T-Mobile Getting Rid Of Plans, Now Only Offers Unlimited Everything

Image courtesy of Patrick

T-Mobile has spent the years since its failed acquisition by AT&T building its LTE network and launching new phases of its “UnCarrier” initiative. Today, the provider that started the industry trend away from contracts and handset subsidies is also getting rid of mobile data plans. From here out, it will offer one postpaid option: unlimited voice, data, and text.

The change grew out of the Binge On zero-rating service that the company started last year, after seeing how much streaming video and music that customers were happy to gobble up when it didn’t count against their data allotment.

Under the new plans, the compression that comes with Binge On will be the default, and customers can pay an additional $25 per month if they want high-definition video streaming.

T-Mo says 99% of customers that request Binge On have kept the service, since most people find that they don’t need high-definition video on a tiny smartphone screen.

Other upcharges will include 5 GB of mobile hotspot data for users who tether their phones for $15 per line per month, and unlimited calling to 30 countries for $15 per line per month. Roaming to countries that aren’t Andorra is already included.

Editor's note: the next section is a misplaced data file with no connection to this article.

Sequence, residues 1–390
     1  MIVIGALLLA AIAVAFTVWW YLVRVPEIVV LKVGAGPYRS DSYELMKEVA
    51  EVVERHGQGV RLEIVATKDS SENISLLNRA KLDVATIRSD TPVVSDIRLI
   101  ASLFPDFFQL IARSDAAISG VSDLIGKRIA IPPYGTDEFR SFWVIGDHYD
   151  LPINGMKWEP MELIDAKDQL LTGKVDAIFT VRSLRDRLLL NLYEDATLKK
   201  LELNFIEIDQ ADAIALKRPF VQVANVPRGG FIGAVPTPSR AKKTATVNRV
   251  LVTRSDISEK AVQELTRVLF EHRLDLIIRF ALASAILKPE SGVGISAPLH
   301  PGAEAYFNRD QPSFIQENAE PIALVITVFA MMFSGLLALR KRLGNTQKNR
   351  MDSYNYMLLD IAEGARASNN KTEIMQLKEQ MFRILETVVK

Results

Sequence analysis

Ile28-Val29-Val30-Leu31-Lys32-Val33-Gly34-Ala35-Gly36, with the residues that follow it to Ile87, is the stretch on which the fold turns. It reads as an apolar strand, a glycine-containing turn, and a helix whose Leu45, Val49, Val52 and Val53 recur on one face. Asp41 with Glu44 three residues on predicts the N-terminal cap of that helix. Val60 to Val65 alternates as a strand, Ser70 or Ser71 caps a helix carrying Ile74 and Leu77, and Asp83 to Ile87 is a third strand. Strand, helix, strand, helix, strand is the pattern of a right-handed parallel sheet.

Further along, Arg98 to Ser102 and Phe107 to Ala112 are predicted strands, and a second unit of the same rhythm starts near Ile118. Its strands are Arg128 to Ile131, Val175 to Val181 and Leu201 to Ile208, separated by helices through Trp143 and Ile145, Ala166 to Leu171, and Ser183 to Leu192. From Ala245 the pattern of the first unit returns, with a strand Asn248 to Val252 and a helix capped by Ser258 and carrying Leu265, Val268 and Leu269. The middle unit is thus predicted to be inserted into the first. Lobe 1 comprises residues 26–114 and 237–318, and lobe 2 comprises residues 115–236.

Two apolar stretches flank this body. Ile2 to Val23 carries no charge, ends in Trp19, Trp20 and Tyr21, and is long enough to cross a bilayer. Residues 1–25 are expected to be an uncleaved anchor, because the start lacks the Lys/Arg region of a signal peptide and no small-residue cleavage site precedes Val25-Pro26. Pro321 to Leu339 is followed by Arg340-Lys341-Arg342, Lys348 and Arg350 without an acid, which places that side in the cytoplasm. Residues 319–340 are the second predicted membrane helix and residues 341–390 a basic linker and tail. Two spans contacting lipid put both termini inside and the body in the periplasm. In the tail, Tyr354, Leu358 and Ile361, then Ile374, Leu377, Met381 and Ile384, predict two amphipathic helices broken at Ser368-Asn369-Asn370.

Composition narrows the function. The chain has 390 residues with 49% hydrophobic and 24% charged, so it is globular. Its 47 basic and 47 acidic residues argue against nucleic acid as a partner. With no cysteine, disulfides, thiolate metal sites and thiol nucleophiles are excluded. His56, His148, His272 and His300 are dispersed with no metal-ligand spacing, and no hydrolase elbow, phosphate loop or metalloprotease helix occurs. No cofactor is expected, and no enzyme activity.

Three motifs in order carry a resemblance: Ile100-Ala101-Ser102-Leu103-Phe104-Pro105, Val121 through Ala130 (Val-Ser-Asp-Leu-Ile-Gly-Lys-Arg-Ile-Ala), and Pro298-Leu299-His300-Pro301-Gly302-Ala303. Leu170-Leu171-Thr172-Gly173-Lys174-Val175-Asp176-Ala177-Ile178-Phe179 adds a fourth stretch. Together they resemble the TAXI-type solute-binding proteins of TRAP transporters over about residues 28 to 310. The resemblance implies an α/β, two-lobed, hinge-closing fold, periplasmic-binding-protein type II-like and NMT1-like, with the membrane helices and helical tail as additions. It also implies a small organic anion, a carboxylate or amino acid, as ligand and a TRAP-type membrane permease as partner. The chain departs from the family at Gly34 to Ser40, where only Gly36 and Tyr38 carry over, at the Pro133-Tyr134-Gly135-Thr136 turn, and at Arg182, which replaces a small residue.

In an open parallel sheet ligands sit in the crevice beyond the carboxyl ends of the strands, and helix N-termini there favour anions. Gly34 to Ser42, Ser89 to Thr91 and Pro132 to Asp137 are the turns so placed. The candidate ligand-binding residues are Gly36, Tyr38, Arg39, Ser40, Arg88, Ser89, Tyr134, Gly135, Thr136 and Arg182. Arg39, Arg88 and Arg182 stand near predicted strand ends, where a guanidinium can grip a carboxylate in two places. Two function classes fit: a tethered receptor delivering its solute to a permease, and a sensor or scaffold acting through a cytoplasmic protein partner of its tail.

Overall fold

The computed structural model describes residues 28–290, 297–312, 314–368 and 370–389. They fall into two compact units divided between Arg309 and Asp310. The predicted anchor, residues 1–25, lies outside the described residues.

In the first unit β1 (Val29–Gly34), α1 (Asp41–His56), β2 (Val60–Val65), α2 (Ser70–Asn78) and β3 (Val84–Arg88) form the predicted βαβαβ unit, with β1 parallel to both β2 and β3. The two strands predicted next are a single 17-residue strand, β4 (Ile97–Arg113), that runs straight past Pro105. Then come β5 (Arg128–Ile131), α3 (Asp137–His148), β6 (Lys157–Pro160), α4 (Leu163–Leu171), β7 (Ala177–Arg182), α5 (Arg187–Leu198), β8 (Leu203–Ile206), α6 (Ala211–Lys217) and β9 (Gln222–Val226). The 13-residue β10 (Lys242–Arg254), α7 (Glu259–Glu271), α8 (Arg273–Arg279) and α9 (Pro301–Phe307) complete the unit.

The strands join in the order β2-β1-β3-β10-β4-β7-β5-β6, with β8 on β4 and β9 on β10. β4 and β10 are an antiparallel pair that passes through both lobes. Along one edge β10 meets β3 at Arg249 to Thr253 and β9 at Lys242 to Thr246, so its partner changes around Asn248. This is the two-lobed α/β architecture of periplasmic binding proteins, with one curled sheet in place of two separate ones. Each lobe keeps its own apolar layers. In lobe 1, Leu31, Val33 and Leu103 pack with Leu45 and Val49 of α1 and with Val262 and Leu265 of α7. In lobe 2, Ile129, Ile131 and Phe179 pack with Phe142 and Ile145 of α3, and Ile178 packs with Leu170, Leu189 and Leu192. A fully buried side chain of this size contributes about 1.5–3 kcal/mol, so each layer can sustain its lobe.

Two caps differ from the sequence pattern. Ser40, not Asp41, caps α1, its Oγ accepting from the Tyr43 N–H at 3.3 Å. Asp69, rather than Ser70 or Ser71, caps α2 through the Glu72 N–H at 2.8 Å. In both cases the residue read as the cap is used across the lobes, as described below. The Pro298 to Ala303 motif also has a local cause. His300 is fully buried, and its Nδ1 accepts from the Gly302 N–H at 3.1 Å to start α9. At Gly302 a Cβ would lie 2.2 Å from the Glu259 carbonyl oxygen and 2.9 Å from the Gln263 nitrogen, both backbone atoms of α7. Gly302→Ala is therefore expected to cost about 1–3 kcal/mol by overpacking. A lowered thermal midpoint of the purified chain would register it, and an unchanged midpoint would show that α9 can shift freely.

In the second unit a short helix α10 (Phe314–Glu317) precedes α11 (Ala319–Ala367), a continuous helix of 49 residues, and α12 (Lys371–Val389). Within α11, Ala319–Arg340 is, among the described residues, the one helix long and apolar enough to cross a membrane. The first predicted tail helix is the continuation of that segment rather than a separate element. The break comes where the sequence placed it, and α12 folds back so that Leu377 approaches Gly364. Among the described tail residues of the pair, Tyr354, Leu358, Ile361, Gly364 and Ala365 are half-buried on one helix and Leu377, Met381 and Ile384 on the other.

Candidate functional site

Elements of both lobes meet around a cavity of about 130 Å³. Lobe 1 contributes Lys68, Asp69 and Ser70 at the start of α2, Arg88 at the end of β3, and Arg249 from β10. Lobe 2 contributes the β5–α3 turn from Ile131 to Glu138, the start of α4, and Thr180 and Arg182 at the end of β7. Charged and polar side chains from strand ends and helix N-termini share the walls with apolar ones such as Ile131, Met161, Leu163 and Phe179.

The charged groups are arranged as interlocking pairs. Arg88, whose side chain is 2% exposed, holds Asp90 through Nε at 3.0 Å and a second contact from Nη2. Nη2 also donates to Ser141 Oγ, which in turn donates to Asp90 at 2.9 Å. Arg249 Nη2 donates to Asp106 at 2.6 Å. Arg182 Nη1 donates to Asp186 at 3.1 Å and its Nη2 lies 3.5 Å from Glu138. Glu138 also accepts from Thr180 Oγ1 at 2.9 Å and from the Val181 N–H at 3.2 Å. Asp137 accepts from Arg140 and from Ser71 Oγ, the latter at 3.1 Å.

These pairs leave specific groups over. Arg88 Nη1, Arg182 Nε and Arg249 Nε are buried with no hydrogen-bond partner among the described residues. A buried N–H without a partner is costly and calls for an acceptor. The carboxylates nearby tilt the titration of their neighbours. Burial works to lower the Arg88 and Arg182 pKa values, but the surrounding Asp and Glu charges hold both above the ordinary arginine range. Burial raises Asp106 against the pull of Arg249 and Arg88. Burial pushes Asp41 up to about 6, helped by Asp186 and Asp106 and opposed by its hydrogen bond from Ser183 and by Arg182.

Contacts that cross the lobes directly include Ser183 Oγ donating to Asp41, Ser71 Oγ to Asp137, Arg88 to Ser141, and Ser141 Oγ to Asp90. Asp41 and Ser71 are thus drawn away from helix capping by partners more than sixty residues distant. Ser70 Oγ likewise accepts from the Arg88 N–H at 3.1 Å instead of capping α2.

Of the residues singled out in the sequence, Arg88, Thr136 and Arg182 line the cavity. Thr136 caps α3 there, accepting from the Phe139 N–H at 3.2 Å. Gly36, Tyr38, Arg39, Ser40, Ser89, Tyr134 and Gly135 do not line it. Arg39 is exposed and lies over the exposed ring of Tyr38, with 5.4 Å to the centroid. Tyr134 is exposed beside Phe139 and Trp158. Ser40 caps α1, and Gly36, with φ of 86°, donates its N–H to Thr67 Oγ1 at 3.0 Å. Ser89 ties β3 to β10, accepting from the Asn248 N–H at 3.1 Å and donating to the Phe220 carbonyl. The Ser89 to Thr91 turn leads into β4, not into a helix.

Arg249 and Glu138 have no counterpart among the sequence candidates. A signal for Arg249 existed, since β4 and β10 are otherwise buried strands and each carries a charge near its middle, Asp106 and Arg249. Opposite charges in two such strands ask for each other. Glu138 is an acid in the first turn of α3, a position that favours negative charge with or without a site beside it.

The pricing for the plans is one line for $70 per month, two lines for a total of $120 per month, and additional lines for $20 each up through a total of 8 lines.

“Our postpaid business is family plans,” Legere noted, asserting that the real price per line is $40 per month, not $70, since that’s how most customers will sign up for these plans.

The company knows that most of its customers are on family plans, and the price point that you’ll likely hear advertised will be $40 per line, since that will be the price for a family with four smartphones.

That is different from “Dumb, Dumber, and Yellow,” as the leather jacket-clad CEO calls his competitors, which have been backing away from unlimited plans, charging customers extra or requiring them to sign up for satellite TV service if they want unlimited data.

“I can tell you what Sprint’s working on now,” Legere said in response to a reporter’s question that was not actually about Sprint. during this morning’s conference call. “It’s whatever we’re working on now, just add six months. It’s called copy-paste.” (Update: Sprint announced its own unlimited plans about an hour later.)

If you don’t like the compression of content that came with the Binge On zero-rating service, there’s a $25 charge that you can pay and get high-definition streaming.

Want more consumer news? Visit our parent organization, Consumer Reports, for the latest on scams, recalls, and other consumer issues.